Page 10 - ElectriCar Magazine
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                                                                                 Now that the end of the age of the internal combustion engine is in sight.
There are small signs everywhere, as the shift to
electric and hybrid vehicles is already under way among manufacturers. Volvo has announced it will make no purely petrol-engined cars after 2019; the British government expects the All-Electric future to arrive by 2040; and Tesla has just started selling its first electric car aimed squarely at
the middle classes: The Tesla Model
3 sells for $35,000 in the US, and 400,000 people have put down a
small, refundable deposit toward one. Several thousand have already taken delivery and the company hopes to sell half a million more next year. This is a remarkable figure for a machine with a fairly short range and a limited number of charging stations.
Some of it reflects the remarkable abilities of Elon Musk as a salesman, engineer, and a man able to get the most out his factory workers and the governments he deals with. The share price suggests that the company is bigger than Ford, though it makes a tiny fraction of the number of cars and in most years loses enormous sums of money. Elon Musk is selling a dream that the world wants to believe.
This last may be the most important factor in the story. The private car is a device of immense practical help and economic significance, but at the same time a theatre for myths of unattainable self-fulfilment. The one thing you will never see in a car advertisement is traffic, even though that is the element
in which drivers spend their lives. Every single driver in a traffic jam is trying to escape from it, yet it is the inevitable consequence of mass car ownership.
The sleek and swift electric car
is at one level merely the most contemporary fantasy of autonomy and power. But it might also disrupt our exterior landscapes nearly as much as the fossil fuel-engined car did in the last century. Electric Vehicles would pollute far less than fossil fuel driven vehicles; instead of oil reserves, the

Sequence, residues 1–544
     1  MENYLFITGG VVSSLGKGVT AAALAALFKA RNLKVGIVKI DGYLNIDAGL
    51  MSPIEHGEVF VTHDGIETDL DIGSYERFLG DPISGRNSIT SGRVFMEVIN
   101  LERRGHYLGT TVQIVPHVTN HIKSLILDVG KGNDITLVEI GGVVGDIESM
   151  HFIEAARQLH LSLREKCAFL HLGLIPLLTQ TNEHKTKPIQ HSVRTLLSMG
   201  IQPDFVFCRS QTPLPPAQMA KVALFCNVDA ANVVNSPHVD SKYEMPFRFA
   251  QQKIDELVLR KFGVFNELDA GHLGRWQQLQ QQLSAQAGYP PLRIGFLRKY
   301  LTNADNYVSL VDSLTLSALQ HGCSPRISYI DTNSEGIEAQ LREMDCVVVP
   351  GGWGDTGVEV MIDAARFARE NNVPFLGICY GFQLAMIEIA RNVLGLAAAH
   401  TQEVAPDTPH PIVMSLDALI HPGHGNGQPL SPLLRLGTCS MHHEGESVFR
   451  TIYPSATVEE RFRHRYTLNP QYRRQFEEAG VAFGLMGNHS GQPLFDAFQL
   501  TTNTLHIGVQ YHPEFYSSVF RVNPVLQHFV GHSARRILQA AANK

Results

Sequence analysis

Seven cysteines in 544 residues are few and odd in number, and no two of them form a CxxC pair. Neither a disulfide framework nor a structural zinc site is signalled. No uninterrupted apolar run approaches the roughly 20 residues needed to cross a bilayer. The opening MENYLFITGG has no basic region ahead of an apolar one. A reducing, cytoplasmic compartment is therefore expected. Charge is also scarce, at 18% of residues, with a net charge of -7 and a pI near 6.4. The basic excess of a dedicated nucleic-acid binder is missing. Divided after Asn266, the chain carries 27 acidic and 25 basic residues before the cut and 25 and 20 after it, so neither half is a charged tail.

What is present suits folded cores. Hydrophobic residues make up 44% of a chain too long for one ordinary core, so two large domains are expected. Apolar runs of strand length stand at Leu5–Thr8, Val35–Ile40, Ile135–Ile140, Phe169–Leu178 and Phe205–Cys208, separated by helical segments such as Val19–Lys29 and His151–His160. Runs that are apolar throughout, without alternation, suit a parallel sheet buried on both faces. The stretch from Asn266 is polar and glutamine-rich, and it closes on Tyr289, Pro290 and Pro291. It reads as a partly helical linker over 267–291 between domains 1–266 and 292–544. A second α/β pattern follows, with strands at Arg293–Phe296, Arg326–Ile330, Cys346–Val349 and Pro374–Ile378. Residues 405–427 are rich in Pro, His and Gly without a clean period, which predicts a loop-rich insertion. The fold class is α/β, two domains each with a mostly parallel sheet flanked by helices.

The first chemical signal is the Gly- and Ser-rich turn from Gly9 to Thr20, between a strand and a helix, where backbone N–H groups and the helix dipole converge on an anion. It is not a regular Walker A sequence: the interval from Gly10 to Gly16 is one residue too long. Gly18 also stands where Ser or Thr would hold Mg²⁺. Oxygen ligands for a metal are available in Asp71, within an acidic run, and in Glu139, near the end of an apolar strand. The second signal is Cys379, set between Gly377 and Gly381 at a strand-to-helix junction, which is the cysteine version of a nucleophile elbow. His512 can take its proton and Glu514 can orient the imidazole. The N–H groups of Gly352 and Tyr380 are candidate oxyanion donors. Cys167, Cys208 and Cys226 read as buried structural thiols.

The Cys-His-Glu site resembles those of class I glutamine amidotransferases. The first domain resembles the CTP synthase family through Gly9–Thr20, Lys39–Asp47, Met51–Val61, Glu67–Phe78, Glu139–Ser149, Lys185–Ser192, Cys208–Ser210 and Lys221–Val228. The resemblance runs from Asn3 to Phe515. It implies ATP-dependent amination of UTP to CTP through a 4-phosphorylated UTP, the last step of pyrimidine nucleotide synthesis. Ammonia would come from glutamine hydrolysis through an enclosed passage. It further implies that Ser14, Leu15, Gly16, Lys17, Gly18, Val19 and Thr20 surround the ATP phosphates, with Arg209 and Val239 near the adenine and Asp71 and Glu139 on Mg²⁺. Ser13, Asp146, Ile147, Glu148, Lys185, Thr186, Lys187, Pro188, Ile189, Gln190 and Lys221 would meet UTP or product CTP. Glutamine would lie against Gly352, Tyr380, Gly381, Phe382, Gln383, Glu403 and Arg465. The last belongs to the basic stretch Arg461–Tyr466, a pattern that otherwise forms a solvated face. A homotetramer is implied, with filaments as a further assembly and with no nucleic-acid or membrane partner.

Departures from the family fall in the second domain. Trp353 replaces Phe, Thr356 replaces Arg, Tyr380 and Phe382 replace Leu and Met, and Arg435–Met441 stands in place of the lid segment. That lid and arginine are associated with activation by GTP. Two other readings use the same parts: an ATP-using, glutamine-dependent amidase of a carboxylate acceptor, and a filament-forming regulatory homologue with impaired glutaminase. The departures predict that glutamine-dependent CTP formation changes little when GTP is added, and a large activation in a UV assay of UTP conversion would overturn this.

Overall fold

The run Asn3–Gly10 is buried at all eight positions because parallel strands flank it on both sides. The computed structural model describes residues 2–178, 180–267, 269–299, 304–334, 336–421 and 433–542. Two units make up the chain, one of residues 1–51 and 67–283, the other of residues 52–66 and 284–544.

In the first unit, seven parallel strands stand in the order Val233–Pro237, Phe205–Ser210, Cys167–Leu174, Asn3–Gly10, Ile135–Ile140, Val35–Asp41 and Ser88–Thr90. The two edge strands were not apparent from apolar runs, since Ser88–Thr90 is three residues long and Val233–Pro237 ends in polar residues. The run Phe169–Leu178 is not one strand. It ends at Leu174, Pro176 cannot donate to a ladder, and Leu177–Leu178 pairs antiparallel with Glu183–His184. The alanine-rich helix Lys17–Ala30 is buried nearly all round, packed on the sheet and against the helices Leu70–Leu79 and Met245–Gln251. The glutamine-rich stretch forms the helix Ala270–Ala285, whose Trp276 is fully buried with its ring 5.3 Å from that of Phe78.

The carbon footprint and other emissions of electric vehicles depending on the fuel and technology used for electricity generation; using a battery, flywheel, or supercapacitors
rarest materials for batteries would make undeserving wealthy and their dynasties fantastically wealthier. Gasoline stations would all but disappear. The air in cities would once more be breathable and their streets as quiet as those of Venice, Italy. Cars that were as silent as bicycles would still be as dangerous as they are now to anyone they hit without a necessary audible warning.
The electric cars of the future will be so thoroughly equipped with sensors and reaction mechanisms that they will
1. Tesla Model S
2. Nissan Leaf
3. BMW i3
4. Mercedes EQC 400 5. Renault Zoe
6. Chevy Spark
7. Volkswagen eGolf 8. Kia eSoul
9. Ford Focus Electric
10. Fiat 500e
never hit anyone. Just as brakes don’t let you skid today, the steering wheel of tomorrow will swerve you away from danger before you have even noticed. But it’s reasonable to suppose that there will be cars that can overcome most human errors within the next five or ten years.
This is where the fantasy of autonomy comes full circle. The logical outcome of cars which need
no driver is that they will become cars which also need no owner. Instead, they will work as taxis, summoned
at will but only for the journeys we actually need. This the future toward which Uber, another Silicon Valley firm that has attained an immense valuation and despite almost breathtaking losses, continues to work. The ultimate development of the private car will
be to reinvent public transport as we know. Traffic jams will be abolished only when the private car becomes a public utility. What then will happen to
our fantasies of independence? We will all have to begin using electric powered bicycles.
The emergence of Metal–Oxide– Semiconductor (MOS) technology led to the development of modern electric road vehicles. The MOS, invented at Bell Labs in 1959, led to the development of the power MOSFET by Hitachi in 1969, and the single-chip microprocessor
by Federico Faggin, Marcian Hoff, Masatoshi Shima and Stanley Mazor at Intel in 1971. The power MOSFET and the microcontroller, a type of single-chip microprocessor, led to significant advances in electric vehicle
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